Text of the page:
Wednesday, August 7, 2013

The price of lamb

The price of lamb is down this year. For years, we’ve ignored the market price of lambs at the stockyard because we sold our lamb for $1 per pound, a price that the Bosnian refugees, who had so little to remind them of home except traditions like roast lamb, could afford. It wasn’t until several years ago that we increased our price to $1.25 per pound live weight at the suggestion of our CPA. It followed the market price to $1.50 the next year and two years later to $2 per pound. Our lamb sales stayed steady. Obviously, our Bosnian friends were doing well in their new lives. Our lamb sales were finally covering the cost of feeding a ewe and raising her lambs.

This year, the first man who called for lamb told us that the stockyard price was $1.25 a pound in South Dakota. Dave said our price was $2 and politely suggested that he buy his lambs in South Dakota. The second man who called also said $2 per pound - $140 for a lamb roasted and eaten on a Sunday afternoon - was too expensive. In theory, I agreed with him. In practice, I need my lambs to bring in enough money to pay for their upkeep.

“If nobody buys them because they’re too expensive, we’ll have to sell them at the stockyards,” Dave said, “and who knows what the price will be then. I think we should sell them for $1.50 per pound.”

“We’re losing one quarter of our lamb income,” I said. “We sold all our lambs last year at $2 per pound. If we sell them all this year at $1.50 our income will be down 25%. You’d quit your job if they docked your pay 25%.”

It was a true statement, but hardly relevant. Selling lambs allows us to pay for the upkeep of our sheep. We “pay” ourselves nothing. If we dock our “pay” by 25% it doesn’t change a thing - 25% less than nothing is still nothing. However, the farm wouldn’t pay for itself in 2013.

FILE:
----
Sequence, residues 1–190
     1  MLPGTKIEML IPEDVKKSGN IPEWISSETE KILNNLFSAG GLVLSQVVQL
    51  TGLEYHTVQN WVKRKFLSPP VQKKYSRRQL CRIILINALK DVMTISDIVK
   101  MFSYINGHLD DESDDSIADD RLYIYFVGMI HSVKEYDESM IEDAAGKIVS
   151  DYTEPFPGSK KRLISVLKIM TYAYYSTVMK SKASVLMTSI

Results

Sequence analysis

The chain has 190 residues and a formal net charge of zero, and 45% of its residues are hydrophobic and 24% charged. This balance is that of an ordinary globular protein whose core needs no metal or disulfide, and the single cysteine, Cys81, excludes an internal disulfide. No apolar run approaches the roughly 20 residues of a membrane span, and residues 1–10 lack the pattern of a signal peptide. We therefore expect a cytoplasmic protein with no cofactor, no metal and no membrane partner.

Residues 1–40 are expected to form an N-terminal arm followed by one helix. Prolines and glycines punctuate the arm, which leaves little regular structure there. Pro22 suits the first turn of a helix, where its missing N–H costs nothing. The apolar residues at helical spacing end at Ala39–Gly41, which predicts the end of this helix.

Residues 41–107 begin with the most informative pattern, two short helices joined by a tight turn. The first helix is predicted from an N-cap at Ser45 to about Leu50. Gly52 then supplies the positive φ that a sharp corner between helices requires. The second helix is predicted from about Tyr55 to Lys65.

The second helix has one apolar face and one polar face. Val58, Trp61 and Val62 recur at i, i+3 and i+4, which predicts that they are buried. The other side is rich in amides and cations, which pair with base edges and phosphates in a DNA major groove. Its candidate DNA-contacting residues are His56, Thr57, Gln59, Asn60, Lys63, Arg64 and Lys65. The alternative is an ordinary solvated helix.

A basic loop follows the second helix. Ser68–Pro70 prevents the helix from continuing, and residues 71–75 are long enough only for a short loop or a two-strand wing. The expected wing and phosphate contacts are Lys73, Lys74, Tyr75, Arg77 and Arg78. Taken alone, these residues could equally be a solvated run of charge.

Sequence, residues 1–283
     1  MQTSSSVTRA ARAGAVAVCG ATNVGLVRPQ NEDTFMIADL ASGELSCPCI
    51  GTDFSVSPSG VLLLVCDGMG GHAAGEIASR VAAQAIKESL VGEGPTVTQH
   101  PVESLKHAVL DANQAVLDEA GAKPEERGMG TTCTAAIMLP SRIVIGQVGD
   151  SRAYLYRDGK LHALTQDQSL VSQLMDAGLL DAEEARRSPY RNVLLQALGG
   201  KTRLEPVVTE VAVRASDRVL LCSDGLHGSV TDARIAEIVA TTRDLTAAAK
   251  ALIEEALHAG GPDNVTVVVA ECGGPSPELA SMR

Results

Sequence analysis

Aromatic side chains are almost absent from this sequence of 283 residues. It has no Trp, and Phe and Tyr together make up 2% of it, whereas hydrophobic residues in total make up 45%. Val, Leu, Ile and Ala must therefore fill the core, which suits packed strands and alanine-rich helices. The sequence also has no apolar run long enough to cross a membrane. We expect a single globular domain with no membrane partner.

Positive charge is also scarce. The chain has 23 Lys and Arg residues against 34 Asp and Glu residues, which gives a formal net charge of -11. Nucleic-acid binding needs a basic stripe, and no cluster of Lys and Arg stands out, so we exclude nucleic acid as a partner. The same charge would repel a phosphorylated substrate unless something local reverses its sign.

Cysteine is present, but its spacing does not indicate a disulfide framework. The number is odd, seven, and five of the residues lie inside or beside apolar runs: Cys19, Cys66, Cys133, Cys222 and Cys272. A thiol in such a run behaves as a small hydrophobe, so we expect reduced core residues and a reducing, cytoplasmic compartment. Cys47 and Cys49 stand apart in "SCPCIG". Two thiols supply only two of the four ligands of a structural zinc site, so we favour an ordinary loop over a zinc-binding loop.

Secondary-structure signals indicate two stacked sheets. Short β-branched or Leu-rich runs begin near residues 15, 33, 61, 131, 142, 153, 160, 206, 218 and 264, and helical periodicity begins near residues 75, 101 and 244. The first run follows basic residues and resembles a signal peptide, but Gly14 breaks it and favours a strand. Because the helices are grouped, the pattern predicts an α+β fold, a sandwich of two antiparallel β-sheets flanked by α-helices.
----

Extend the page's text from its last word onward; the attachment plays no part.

Prices paid by farmers rarely go down. Farm prices fluctuate all over the place and the farmers have to absorb the difference. One of our successful business friends told us that lamb was a luxury and we should price it that way. If we drop our price by 25% we move from the luxury market into the commodities market, those necessities which are priced like milk and corn. Lamb isn’t like those commodities; the government won’t pay me a subsidy to make up for low prices.

Dave and I talked and talked over the problem. Neither of us could persuade the other.

We sold our first lambs to two of our oldest local customers, friends. Dave made the sale. They wouldn’t have complained about $2 per pound, but he only charged them $1.50. We couldn’t charge them $2 and then drop the price for the rest of our customers if the lambs didn’t sell. So this year, our price for lamb is $1.50 per pound. I feel like we have taken a giant step backward. Our farm on which we expend so much effort, so much time, so much money, looks like a hobby instead of a business, just because of the price of lamb.

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